FOR IMMEDIATE RELEASE, July 13, 2011
Judge Orders Sioux Center Company to Close Lagoon,
Penalizes Company in Environmental Case
Company also agrees to cease land-applying wastewater
(DES MOINES, Iowa) A Sioux County judge has assessed $20,000 civil penalty against a Sioux Center pharmaceutical company for a variety of wastewater violations at or in relation to its wastewater storage lagoon located in rural Sioux County.
According to a consent decree filed Monday in Sioux County District Court, Sioux Pharm, Inc. violated Iowa’s wastewater laws by land applying wastewater in areas not approved land application, land applied wastewater within 300 feet of a continuous flowing stream that may provide direct connection to the groundwater, allowed wastewater to pond during land application, failed to maintain adequate freeboard in the lagoon to prevent overflows, and failed to maintain records and submit monthly operation reports.
On March 9, 2009 Attorney General Tom Miller filed an environmental lawsuit against Sioux Pharm, alleging that Sioux Pharm illegally discharged pharmaceutical wastewater into surface and groundwater of the state, repeatedly failed to maintain adequate “freeboard” at its wastewater storage lagoon, failed to properly land-apply wastewater, and failed to comply with monitoring and reporting requirements for its wastewater lagoon.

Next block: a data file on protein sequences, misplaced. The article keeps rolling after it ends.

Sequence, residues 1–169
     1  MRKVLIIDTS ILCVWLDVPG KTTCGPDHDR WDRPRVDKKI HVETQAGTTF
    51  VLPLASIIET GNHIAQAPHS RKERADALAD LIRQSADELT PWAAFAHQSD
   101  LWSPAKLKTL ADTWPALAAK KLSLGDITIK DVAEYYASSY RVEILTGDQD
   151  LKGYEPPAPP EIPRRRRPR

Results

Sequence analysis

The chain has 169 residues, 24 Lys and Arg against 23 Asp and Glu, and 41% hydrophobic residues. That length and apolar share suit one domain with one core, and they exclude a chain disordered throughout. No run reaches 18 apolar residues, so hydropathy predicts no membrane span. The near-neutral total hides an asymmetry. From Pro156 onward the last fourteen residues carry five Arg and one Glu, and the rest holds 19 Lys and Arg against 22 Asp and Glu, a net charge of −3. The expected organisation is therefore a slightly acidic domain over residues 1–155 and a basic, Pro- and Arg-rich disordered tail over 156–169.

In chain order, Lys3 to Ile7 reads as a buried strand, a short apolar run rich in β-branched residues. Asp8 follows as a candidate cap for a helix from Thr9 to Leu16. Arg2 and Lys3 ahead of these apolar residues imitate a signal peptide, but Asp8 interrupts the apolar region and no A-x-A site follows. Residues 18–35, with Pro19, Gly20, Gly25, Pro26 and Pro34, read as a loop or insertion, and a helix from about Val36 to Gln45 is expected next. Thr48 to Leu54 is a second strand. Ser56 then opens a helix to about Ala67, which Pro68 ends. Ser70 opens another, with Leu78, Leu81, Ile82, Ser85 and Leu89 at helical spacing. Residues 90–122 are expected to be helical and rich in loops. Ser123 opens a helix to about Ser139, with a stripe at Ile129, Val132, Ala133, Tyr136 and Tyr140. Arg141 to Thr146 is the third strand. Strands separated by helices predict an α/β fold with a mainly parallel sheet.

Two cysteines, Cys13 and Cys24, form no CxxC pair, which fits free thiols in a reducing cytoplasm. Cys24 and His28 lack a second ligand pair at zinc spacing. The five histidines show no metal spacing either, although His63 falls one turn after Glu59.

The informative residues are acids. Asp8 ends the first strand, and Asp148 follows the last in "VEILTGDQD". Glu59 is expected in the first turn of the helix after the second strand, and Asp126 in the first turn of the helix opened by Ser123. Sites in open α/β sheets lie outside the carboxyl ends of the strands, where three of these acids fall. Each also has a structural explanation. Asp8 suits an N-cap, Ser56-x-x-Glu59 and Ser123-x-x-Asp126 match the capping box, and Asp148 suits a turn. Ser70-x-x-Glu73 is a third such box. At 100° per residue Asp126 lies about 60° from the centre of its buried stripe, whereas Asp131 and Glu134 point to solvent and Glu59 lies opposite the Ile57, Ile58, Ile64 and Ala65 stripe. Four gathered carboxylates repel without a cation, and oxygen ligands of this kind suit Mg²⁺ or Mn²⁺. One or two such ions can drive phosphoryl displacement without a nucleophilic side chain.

Sioux County District Judge Edward A. Jacobson ordered Sioux Pharm, Inc. to permanently close the wastewater storage lagoon by removing the contents and leveling the site by July 15, 2011. The company has already closed the lagoon. As part of the consent decree, Sioux Pharm, Inc. has also agreed to no longer land apply its wastewater.
Sioux Pharm, Inc. operates a pharmaceutical plant in Sioux Center. The wastewater produced, primarily a digested beef protein which has been licensed as a soil conditioner with the Iowa Department of Agriculture, has been stored in a single cell storage lagoon in rural Sioux County. The lagoon has a capacity of 860,000 gallons of wastewater. Approximately 12,000 gallons of wastewater per day is hauled by tanker truck from the plant to the lagoon. Wastewater is then land applied to surrounding crop fields.
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